Corporate Tax

Finance Minister: Company Earnings Tax Discount Doable if Tax Base Is Broadened and Development Strengthened | Malaysia

Malaysia’s corporate tax rate is among the highest in ASEAN. Singapore has the lowest values ​​with 17 percent, Vietnam, Thailand and Cambodia with 20 percent and Indonesia with 22 percent. – Picture by Ahmad Zamzahuri

KUALA LUMPUR, Sept. 2 – Malaysia cannot afford a corporate tax cut from the current 24 percent unless the country’s tax base is broadened and the country maintains above-average growth, Finance Minister Datuk Seri Tengku Zafrul Abdul told Aziz today.

“If you look at corporate income tax, it represents a large chunk of federal government revenue, roughly 32.8 percent of federal government revenue including petroleum income tax and given the widening budget deficit, which is expected to be around 6.5 percent will be due to the pandemic this year.

“(Therefore) Malaysia, I believe, is not in a position to afford a tax rate cut at this point because one of the problems was our tight tax base. Until we can broaden our tax base and maintain above-average growth, we can consider lowering the corporate tax rate, ”he said in an interview with Singapore’s The Straits Times, entitled“ Beyond the Pandemic: Malaysia’s way forward ”.

However, with the global trend towards lower corporate taxes, Malaysia may need to review its corporate structure at some point in the future in order to adjust to broader economic growth in the medium term, he said when asked if Malaysia was considering cutting its corporate tax 15 percent in the next 3- 5 years.

Malaysia’s corporate tax rate is among the highest in ASEAN. Singapore has the lowest values ​​with 17 percent, Vietnam, Thailand and Cambodia with 20 percent and Indonesia with 22 percent.

“Still, lower corporate tax isn’t the only component that attracts Foreign Direct Investment (FDIs). There are other key factors like good infrastructure, human resources and clear regulations, ”said Tengku Zafrul.

In a recent pre-budget statement, the Ministry of Finance (MoF) stated that the government was considering measures to increase tax revenue through better tax compliance and address the problem of lost revenue, particularly related to the smuggling of high-duty goods, which estimated at 5 billion RM per year.

In a pre-budget statement, the MoF said that recommendations in the study include implementing the Special Voluntary Disclosure Program (SVDP) for indirect taxes administered by the Royal Malaysian Customs Department.

The government is also aware that an enabling investment environment, be it for foreign or domestic direct investment, encompasses many aspects, including economic and political stability, consistent and transparent policies, efficient labor market, level of infrastructure facilities, solid governance structure, strong legal framework and a decent quality of life in Malaysia.

“Tax incentives, including taxes, are one of the many factors that can attract investment; They can play an important role as a strategic policy tool to drive investment in Malaysia. “

To combat lost revenue, the MoF said in the 17-page document that the Multi-Agency Working Group, chaired by the MoF, was to formulate strategies to curb smuggling through the involvement of the Malaysian Anti-Corruption Commission and the National Center for Financial Crime Prevention.

Tengku Zafrul commented on investor and FDI confidence, admitting that it has been hard hit by the Covid-19 pandemic and, to some extent, the domestic political situation.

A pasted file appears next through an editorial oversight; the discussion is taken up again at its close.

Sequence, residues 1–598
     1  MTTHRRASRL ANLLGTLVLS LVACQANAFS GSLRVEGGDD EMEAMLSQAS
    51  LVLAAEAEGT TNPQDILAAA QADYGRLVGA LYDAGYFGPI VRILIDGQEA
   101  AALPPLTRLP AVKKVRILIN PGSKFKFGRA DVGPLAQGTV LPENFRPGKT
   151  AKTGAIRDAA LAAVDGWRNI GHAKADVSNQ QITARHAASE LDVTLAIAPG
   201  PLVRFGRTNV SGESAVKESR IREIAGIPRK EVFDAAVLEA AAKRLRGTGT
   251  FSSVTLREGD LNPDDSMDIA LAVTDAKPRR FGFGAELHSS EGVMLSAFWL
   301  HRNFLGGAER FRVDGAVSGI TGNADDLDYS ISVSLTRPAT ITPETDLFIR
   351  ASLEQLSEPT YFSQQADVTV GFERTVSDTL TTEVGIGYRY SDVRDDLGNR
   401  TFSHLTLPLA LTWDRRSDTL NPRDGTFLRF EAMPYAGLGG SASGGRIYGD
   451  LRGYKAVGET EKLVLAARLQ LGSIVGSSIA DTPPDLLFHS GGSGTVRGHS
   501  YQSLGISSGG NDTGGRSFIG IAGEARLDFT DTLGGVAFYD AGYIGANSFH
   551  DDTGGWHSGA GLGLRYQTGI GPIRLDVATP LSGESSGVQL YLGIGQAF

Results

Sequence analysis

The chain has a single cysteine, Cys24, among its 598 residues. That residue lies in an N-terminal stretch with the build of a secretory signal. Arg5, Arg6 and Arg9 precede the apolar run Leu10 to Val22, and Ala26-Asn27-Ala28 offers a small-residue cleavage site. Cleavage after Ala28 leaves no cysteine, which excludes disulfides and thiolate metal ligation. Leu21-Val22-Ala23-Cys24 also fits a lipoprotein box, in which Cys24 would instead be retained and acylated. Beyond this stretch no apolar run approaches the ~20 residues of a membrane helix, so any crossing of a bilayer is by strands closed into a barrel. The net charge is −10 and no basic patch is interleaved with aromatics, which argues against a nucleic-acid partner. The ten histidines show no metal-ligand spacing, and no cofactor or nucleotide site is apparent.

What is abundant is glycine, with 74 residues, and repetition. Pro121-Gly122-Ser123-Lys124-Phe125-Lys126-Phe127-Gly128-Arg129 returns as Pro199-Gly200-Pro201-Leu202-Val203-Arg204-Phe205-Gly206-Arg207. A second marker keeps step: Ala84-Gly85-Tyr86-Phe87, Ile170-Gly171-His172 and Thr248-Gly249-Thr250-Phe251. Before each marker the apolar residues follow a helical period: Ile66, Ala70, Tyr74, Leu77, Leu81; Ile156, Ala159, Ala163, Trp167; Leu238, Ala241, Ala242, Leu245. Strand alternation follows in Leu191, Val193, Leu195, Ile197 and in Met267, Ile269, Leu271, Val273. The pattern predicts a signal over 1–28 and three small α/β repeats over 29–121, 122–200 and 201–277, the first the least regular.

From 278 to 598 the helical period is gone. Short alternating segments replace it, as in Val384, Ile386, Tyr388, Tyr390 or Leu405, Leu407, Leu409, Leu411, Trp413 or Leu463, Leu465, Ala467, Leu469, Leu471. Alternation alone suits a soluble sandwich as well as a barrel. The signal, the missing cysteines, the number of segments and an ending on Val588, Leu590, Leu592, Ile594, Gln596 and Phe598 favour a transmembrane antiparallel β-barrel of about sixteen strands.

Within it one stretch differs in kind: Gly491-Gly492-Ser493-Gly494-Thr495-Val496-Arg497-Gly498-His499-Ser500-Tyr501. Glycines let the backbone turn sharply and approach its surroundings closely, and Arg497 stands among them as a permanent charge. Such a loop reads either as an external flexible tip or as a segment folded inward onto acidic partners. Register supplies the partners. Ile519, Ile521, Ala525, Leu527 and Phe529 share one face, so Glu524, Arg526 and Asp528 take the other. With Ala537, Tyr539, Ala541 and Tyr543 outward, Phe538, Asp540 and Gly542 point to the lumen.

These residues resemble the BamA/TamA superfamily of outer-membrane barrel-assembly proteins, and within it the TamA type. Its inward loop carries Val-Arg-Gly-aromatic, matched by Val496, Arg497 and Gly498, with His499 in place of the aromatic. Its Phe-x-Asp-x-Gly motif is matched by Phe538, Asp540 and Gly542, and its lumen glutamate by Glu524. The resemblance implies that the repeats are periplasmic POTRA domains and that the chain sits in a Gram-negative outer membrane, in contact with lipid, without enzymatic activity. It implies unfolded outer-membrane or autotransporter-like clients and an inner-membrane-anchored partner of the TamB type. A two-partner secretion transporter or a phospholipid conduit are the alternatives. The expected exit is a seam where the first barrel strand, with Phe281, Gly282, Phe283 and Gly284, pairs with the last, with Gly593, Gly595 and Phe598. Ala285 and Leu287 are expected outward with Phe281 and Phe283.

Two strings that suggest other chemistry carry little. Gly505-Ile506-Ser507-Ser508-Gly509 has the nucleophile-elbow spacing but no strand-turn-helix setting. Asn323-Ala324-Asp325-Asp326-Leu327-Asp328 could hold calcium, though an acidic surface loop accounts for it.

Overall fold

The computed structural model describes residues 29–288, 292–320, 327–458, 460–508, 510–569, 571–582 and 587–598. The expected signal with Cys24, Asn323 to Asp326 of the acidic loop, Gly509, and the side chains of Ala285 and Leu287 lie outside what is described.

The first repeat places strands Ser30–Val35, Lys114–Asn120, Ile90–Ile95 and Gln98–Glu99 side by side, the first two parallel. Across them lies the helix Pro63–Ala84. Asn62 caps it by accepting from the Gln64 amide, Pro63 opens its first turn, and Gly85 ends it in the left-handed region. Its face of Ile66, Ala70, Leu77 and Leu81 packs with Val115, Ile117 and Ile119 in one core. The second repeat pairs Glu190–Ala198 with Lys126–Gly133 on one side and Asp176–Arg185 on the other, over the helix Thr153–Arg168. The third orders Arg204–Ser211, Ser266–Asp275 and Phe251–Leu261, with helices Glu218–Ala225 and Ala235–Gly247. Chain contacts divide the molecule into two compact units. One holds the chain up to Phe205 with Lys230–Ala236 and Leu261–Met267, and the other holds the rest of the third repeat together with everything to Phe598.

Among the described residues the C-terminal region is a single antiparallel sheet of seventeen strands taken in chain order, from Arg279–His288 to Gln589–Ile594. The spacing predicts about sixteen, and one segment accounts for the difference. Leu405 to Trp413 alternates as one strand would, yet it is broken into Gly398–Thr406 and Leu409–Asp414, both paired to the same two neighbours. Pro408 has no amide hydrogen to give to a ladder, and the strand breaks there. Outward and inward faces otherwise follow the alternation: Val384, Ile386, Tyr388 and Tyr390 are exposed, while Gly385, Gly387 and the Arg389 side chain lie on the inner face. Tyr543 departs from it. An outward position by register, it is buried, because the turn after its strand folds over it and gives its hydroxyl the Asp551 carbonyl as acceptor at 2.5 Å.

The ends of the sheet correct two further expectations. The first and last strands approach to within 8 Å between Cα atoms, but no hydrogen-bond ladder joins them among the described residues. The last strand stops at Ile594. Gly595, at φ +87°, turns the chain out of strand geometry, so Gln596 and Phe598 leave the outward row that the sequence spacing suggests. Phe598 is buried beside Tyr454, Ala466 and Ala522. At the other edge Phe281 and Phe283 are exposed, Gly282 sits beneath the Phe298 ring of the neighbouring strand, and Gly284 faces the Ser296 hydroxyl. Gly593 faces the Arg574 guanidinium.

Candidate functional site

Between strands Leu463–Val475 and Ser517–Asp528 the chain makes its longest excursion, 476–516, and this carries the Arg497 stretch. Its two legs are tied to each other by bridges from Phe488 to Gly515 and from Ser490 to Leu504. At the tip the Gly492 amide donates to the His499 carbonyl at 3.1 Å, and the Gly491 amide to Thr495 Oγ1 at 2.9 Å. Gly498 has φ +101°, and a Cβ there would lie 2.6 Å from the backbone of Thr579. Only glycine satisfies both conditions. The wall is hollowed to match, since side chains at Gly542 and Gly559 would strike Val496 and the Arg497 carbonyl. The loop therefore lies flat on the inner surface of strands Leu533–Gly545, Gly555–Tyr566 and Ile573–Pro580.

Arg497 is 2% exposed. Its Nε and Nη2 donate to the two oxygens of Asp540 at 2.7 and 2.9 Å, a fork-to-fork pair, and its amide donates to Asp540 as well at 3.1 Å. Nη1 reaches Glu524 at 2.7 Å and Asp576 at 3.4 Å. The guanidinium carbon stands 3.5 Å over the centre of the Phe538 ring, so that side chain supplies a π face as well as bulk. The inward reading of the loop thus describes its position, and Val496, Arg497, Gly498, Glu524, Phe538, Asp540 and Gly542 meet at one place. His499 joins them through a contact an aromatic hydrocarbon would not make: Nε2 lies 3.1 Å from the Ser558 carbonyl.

“But despite all this, we recorded a much better investment inflow in the first half of 2021 compared to the first half of 2020, especially when it comes to foreign direct investment. So if you look at our vaccination rate and more sectors of the economy open up. “On the upside, we generally expect better investment prospects.”

Malaysia remained a preferred investment destination due to its well-developed investment ecosystem.

“In addition, domestic direct investment (DDI) is just as important, and we continue to value it,” said Tengku Zafrul.

On other developments, the finance minister said the government would not tap into national reserves to fund the upcoming budget.

When asked if Malaysia was allowing the private sector to play a bigger role in infrastructure funding, he said it was the right time to revitalize more public-private partnerships, citing the 5G infrastructure project.

“Other infrastructure projects that may require private sector involvement will be recently announced rail projects.”

Regarding political stability, he said the Keluarga Malaysia concept, introduced by Prime Minister Datuk Seri Ismail Sabri Yaakob, was geared towards continuity and specifically addressing the challenges of Covid-19.

“Political leaders must strive for political stability because, as we know, political turbulence is too costly for our economy and affects investor confidence in the short, medium and long term.

“It is even more important that we basically have to regain the Malaysians’ trust in the government’s exit strategy. We need to work together as a family or Keluarga Malaysia, ”he said.

Additionally, Tengku Zafrul is optimistic that they will work together with opposition politicians to help rebuild the nation and build a more resilient and sustainable future for all.

“For us in the Ministry of Finance, like the 2021 budget, we will endeavor to consult as many parties as possible when preparing the 2022 budget. In fact, we have started stakeholder engagement.

“We will examine how we can get feedback that we can incorporate into our resilient reformed budget.

“I am optimistic that a safe transition will be created for the 2022 budget and that the government will have sufficient space and support to navigate this difficult terrain in the short to medium term to accommodate the economic recovery,” he said. – Bernama

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